Minister Fudge looks across the table at Professor Dumbledore. Even though the man has always made Fudge uncomfortable, he is still the most brilliant wizard Fudge knows.
"My days at the Ministry are numbered," Fudge says. "Given how messed up things are in the wizarding world, I'm thinking about going into business in the muggle world."
Dumbledore's eyes twinkle brightly as a smile plays across his lips. "Business in the muggle world is tough. How will you know you are selling what a muggle wants to buy?"
Fudge smirks. "I'm not the fool you think I am. I'm going to hire a muggle to tell me what muggles like."
Dumbledore nods sagely, eyes twinkling even more brightly behind his half-moon spectacles. "You are wise. But how will a muggle know what a wizard is capable of making? Seven years at Hogwarts gives a witch quit a range of skills that your muggle won't know about."
A look of panic crosses Fudge's face. "I hadn't thought of that! I guess I do need wizards telling me what I can make."
Dumbledore raises his bushy eyebrows. "I remember Harry Potter telling me about the first time his friend, Ron Weasely, called him on the muggle talking device called a telephone. While it was humorous to hear Harry tell the story of Ron generally making a fool of himself, his muggle uncle was far from pleased. I could tell you dozens of stories about our Muggle Studies class that would show you wizards really don't understand muggles."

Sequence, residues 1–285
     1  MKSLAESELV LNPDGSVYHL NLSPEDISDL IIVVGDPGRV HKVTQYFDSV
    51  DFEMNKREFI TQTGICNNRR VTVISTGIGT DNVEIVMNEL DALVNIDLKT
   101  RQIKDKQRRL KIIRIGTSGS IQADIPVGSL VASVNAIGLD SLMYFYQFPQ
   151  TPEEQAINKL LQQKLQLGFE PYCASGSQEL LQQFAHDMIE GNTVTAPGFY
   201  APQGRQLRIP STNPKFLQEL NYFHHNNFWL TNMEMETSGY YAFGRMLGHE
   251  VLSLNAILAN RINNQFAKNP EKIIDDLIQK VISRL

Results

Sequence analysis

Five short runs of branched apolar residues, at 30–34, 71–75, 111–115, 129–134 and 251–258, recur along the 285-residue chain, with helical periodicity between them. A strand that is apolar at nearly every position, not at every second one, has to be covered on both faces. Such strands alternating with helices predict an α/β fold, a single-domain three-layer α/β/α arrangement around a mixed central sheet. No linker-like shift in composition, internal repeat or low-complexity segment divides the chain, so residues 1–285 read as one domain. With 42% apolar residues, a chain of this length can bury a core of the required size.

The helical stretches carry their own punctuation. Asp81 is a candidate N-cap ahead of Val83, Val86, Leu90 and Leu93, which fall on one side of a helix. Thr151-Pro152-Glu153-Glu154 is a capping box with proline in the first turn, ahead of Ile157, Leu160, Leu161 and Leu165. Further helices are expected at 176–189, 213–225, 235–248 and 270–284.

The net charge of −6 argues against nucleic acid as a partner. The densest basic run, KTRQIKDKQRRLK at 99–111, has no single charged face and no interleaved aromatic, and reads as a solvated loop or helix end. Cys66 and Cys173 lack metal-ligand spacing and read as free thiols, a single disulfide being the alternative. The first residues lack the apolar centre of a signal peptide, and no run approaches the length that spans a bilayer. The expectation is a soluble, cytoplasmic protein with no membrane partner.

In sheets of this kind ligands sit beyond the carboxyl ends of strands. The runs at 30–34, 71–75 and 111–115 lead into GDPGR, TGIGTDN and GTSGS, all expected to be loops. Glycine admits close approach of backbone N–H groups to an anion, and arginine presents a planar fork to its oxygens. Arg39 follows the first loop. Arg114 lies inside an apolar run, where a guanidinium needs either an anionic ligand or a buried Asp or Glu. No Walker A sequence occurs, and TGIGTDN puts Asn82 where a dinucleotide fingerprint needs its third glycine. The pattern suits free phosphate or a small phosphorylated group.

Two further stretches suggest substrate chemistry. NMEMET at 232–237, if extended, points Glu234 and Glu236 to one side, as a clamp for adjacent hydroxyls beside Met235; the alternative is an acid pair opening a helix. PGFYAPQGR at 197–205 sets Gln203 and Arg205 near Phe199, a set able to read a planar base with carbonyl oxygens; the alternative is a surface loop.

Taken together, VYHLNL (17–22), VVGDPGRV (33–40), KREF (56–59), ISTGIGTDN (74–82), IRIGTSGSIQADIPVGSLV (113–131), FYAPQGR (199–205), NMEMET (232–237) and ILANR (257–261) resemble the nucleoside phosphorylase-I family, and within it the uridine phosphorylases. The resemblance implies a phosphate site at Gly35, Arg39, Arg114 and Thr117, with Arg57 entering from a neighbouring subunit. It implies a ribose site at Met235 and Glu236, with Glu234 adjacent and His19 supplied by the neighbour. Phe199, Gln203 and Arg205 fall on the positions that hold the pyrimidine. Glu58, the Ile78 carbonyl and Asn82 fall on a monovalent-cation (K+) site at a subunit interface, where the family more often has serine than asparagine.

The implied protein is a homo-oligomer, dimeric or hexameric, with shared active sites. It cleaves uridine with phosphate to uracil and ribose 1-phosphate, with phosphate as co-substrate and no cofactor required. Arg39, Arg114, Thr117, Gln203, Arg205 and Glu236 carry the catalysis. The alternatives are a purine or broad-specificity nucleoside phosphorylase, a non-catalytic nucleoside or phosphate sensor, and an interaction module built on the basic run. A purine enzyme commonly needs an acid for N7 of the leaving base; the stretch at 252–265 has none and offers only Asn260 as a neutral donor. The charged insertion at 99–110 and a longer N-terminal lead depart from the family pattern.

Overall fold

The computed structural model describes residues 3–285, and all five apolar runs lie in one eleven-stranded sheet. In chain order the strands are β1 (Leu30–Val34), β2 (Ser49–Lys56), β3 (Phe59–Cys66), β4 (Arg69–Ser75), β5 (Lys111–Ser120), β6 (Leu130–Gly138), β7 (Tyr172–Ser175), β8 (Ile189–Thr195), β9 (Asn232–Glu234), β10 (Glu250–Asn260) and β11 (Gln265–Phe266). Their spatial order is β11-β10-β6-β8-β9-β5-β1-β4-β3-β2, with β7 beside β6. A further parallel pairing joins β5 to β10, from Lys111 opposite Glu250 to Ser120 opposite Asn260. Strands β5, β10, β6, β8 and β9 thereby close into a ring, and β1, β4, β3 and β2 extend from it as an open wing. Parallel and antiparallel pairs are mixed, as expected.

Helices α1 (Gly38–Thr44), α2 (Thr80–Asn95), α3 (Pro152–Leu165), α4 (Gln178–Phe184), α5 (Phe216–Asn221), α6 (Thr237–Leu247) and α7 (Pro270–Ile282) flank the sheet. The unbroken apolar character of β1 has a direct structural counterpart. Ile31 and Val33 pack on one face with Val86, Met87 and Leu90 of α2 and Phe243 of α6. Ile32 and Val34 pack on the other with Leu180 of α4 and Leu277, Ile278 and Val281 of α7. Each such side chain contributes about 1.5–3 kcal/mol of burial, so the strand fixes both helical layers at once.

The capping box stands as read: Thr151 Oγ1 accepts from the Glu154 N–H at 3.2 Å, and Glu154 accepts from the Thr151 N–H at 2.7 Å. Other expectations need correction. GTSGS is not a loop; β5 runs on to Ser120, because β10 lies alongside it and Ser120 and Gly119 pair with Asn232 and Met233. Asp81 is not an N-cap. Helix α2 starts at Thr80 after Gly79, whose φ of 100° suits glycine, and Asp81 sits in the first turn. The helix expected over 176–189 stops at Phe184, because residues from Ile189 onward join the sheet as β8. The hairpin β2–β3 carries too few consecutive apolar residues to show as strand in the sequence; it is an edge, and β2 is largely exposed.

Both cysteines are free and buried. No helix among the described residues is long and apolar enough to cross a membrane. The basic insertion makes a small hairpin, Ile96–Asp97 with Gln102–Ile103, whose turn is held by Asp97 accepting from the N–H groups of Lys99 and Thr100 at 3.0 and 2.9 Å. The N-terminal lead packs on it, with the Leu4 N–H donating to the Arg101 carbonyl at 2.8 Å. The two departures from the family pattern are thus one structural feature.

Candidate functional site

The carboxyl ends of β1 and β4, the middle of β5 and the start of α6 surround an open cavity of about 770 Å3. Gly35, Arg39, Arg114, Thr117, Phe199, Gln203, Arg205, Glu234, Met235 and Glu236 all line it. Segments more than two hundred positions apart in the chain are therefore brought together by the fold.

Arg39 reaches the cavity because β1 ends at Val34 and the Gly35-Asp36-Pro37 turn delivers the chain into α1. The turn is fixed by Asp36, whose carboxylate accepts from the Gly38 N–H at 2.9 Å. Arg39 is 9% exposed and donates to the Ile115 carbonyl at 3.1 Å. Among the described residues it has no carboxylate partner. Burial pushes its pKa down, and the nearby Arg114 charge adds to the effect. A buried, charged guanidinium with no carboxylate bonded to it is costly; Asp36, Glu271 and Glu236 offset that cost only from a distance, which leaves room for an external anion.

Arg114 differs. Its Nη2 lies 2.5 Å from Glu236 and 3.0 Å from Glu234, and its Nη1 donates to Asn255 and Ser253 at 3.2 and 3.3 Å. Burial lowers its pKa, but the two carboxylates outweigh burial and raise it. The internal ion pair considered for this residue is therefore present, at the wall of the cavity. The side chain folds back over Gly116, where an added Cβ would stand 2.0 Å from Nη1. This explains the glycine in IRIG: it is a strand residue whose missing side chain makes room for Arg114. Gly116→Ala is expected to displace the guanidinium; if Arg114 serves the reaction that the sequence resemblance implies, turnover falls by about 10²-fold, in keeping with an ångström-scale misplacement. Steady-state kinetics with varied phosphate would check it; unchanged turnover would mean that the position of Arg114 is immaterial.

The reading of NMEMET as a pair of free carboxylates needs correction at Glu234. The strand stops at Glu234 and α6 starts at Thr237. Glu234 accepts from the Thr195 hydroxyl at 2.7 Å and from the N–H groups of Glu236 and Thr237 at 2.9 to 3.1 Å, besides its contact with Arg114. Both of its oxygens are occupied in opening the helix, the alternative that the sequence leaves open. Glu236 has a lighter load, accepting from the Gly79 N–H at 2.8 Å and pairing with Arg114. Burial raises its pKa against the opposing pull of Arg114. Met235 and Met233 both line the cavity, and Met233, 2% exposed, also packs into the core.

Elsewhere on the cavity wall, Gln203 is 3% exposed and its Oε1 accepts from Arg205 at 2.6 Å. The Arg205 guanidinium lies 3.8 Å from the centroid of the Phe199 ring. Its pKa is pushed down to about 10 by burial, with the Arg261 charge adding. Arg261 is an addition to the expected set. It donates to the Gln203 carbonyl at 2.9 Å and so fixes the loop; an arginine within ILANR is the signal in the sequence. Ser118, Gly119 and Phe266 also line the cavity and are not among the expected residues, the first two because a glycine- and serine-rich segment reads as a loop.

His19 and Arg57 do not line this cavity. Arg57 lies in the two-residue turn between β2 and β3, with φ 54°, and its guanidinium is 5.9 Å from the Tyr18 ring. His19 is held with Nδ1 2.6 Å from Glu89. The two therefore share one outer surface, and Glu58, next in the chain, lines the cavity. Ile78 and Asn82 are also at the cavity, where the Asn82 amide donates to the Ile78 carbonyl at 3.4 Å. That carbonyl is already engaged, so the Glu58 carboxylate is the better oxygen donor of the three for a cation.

Sweat breaks out on Fudge's brow, trickling into his eyes. "So I do need a muggle! I'll hire him immediately." Fudge looks at Dumbledore. Those damn twinkling eyes. I know he's laughing at me!
Dumbledore chuckles at Minister Fudges discomfort. "Minister, if you hire a muggle, you will have to bring him into our world to teach him what can be done. What happens after your muggle has been in the wizarding world for a while helping your wizards and witches? They won't really be muggles anymore and certainly won't know about the muggle world anymore."
"So it's hopeless, isn't it?"
"No, Minister, it is not. What you need is a Product Manager!"
When you hire a professional product manager, you are hiring somebody who understands how to systematically bridge the gap between the market and the producers.
I've experienced many companies who have hired customers as product managers and found themselves with a person who understands the market today but doesn't understand how to keep up as the market changes over time. Invariably, these become dated, me-too products instead of market leaders as the "product managers" lead the product based on their out-of-date knowledge and what their competitors are doing.
I've also experienced companies who just throw an engineer into the roll because the product is "too technical" for a business guy. Neither the company nor the engineer are particularly interested in making sure she can accomplish the job (after all, it must be easier than the engineering work). These products tend to become technological monstrosities: Amazing features but no clear understanding of nor solution to the customers' pains. Features get added based on what gets voted for most with no clear product direction.
The key point here is that product management is a learned skill. People can move into the career, but they will need to be trained. If you are planning on hiring a junior member of a product management team to train, both of the above paths are completely valid.
On the other hand, if you are looking for somebody to come in, understand your market, and direct your product to bigger and better things, you would be much better foregoing the muggles and wizards and choosing a product manager instead.